Lottery legislation changes: how small charities can benefit
On 6th April 2016, legislation on lotteries (such as prize draws and raffles) changed to make it easier for small charities to raise funds.
Prior to the changes, if a lottery was not exempt, the charity would need to be registered with a local authority, or even hold a Gambling Commission licence for large lotteries.
However, the changes relax these rules and present new opportunities for small charities and community groups to raise funds.
The previous legislation stated that these could only be held at non-commercial fundraising events and all the proceeds must go to the charity. All tickets would need to be sold at the event itself, the result made public during the event and a maximum of £500 could be spent on prizes. Examples of an incidental lottery would be a quiz night or ‘guess the number of sweets in a jar’ competition.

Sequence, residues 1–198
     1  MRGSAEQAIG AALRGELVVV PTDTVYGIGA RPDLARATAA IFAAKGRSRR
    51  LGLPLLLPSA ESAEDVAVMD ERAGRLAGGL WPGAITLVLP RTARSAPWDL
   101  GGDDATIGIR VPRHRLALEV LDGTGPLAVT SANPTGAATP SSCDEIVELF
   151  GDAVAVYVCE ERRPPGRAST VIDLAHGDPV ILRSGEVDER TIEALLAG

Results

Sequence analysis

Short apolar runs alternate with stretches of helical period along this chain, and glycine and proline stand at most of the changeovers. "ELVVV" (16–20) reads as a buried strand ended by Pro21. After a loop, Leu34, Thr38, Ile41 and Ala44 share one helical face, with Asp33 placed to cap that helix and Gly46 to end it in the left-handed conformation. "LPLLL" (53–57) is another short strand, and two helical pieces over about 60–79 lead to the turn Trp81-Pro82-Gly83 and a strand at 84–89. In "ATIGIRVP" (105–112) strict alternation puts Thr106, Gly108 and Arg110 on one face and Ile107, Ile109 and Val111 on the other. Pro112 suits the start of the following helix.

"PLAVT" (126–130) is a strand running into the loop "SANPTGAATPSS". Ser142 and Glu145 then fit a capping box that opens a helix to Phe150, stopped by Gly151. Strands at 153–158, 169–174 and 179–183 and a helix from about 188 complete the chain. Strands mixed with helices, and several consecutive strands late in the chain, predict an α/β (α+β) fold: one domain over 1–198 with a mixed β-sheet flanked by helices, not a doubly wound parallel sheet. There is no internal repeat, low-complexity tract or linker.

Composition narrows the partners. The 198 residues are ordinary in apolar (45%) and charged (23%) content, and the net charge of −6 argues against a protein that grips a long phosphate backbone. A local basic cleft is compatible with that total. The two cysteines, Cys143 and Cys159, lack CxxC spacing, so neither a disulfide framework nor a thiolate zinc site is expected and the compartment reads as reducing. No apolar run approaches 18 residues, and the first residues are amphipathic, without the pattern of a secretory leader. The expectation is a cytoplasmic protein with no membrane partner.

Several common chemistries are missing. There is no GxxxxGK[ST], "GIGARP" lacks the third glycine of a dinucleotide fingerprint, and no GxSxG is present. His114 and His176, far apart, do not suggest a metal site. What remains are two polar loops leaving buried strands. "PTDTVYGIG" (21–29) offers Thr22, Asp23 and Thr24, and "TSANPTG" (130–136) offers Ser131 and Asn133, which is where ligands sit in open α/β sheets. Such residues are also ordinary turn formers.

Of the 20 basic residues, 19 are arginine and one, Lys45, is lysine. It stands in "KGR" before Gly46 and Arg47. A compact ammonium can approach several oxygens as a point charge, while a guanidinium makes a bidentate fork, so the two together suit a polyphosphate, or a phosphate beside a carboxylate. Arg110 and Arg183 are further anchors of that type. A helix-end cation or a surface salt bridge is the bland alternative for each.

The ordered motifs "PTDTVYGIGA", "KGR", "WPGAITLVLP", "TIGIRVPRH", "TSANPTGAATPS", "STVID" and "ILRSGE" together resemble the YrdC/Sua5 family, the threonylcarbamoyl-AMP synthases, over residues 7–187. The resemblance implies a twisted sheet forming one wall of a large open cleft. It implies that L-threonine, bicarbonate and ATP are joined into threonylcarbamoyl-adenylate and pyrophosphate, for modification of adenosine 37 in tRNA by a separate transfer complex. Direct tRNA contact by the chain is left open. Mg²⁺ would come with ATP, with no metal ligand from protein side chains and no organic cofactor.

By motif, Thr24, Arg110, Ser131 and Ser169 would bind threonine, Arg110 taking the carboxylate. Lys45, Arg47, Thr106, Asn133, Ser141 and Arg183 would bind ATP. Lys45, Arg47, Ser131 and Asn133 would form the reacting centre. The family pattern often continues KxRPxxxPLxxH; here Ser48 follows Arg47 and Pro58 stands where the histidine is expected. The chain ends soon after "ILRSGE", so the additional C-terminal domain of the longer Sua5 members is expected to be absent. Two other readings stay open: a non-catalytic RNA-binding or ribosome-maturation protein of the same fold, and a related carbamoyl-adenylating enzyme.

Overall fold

The legislation has changed to:
- Allow lotteries to be held at commercial events as well as non-commerical events – for example, at a concert or theatre production where the main proceeds of the event (e.g. admission fees) go to another organisation
- Allow results to be announced after the event, enabling charities to run more diverse types of lotteries
Private lotteries include private society lotteries, work lotteries and residents’ lotteries, and the proceeds could not be donated to a charity or other good cause. However, the government recognised that often societies, workplaces and residents would want to raise money for another organisation; for example, if a member of a sports club was diagnosed with an illness and the other members wanted to raise money for a charity supporting that illness.
The main change to this legislation is that private lotteries can now be held to promote (and their proceeds given to) a charitable or non-commercial organisation.
What this means for small charities
The legislation change makes it easier for small charities to raise funds by lotteries by holding lotteries at previously off-limit events (such as commercial events), running new types of lotteries that don't require the winner to be announced during the event, and being able to receive donations from private lotteries (such as those held at sports and other members clubs).